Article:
Ready, Set, Snow
Exploring the Cleveland Metroparks Zoo in freezing temperatures may not sound like much fun, but those who bundle up and venture out on days the mercury drops below 32 degrees not only get half-price admission, they also get to see a different side of zoo life. We broke the ice with curator of animals Andi Kornak, who offered her case for visiting during the zoo's Polar Bear Days.
It's less crowded: "You kind of get the feeling that you have the place to yourself," says Kornak, a Michigan native who grew up going to outdoor northern zoos during colder weather as a kid and continued to do so into adulthood. "You can sit at the exhibits for long amounts of time," she says. "If it's snowing it makes it real quiet, real peaceful. It gives you a different perspective on the entire park."
The polar bear, wolves, reindeer, even tigers, are more active: They're just naturally more acclimated to cooler weather, Kornak says. "They're much more comfortable being active in that climate, whereas when it's really hot and humid, it's more challenging for them to be more active during the day."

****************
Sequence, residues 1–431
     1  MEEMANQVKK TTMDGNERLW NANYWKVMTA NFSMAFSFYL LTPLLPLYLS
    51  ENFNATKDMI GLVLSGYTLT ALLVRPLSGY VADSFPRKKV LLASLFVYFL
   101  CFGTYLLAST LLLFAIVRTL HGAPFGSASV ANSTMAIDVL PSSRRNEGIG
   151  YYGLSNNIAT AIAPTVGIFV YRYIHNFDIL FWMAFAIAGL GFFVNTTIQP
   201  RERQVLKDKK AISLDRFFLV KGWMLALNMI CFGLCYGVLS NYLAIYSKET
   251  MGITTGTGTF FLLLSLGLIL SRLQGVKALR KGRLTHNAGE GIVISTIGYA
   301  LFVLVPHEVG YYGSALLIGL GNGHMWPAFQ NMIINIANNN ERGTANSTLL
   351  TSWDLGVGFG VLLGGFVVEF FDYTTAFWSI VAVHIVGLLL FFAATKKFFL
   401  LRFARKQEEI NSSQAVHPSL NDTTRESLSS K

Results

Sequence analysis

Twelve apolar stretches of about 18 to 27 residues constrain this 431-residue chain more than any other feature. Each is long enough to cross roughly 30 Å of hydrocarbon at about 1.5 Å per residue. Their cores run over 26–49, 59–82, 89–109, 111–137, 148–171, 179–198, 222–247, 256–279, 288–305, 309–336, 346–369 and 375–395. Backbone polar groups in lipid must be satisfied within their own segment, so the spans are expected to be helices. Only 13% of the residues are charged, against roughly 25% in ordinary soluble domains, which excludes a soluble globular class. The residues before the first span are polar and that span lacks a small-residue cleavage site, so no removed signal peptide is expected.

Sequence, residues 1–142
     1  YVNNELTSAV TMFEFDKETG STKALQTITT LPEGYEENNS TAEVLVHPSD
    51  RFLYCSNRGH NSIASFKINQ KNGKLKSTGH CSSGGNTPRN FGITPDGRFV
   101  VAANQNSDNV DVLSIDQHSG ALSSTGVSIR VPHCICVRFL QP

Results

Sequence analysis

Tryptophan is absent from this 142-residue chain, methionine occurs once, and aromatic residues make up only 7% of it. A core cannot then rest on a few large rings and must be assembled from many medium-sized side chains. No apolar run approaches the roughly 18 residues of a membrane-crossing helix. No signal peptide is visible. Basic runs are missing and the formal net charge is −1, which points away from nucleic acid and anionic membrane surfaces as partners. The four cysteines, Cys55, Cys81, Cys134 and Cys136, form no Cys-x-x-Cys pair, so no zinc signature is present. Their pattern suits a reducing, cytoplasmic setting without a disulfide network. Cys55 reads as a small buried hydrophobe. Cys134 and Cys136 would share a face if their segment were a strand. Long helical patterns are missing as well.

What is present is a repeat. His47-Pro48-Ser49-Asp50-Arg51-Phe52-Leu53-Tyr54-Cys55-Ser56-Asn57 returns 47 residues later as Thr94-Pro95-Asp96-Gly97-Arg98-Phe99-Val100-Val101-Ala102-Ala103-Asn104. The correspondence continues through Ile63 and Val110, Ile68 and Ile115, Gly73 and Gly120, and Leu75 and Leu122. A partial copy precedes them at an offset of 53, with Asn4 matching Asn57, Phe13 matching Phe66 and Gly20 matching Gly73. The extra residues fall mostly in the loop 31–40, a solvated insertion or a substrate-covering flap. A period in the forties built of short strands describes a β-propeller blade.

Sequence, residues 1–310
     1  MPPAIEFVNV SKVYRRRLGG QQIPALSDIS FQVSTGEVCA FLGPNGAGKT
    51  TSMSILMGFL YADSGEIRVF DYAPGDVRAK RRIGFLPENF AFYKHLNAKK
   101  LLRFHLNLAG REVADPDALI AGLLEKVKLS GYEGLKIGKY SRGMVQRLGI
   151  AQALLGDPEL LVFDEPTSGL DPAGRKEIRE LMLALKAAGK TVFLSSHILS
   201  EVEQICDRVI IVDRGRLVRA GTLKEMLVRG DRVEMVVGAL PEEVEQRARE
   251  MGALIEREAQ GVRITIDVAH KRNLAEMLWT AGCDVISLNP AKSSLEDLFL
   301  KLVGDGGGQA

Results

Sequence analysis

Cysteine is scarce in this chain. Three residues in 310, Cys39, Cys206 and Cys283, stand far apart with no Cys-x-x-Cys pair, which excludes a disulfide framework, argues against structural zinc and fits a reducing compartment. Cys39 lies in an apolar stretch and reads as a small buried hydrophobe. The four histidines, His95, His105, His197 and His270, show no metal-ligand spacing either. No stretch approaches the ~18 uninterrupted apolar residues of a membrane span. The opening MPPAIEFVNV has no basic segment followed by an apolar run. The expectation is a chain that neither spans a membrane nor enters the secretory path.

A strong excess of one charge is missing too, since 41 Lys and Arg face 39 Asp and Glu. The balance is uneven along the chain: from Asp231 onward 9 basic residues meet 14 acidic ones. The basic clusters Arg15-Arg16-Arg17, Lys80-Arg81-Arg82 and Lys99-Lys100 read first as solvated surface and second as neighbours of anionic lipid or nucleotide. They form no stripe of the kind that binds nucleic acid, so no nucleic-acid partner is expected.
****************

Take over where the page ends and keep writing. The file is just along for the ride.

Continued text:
More activity means you're more likely to see something interesting: "The best time to go is early in the morning. Animals are always more active then," says Kornak. The zoo sometimes adds enrichment items to an animal's environment to encourage it to perform natural behaviors. "It doesn't happen every day, but with the polar bear, we may hide some feed items in a dirt digging area so the polar bear digs to find them, or we may throw fish in the pool for the polar bear to go fishing after," she says. "But they don't swim as much in the winter as they do in the summer."
Our park systems aren't hibernating this time of year. We found a trio of January events that'll let you learn, explore and take in a hearty dose of crisp winter air.
Winterriffic, Jan. 6, noon-5 p.m.
Campfire Cooking, Jan. 20, 2 p.m.
Full Moon Hike, Jan. 26, 6:30 p.m.
in the cle
12:00 AM EST
December 15, 2012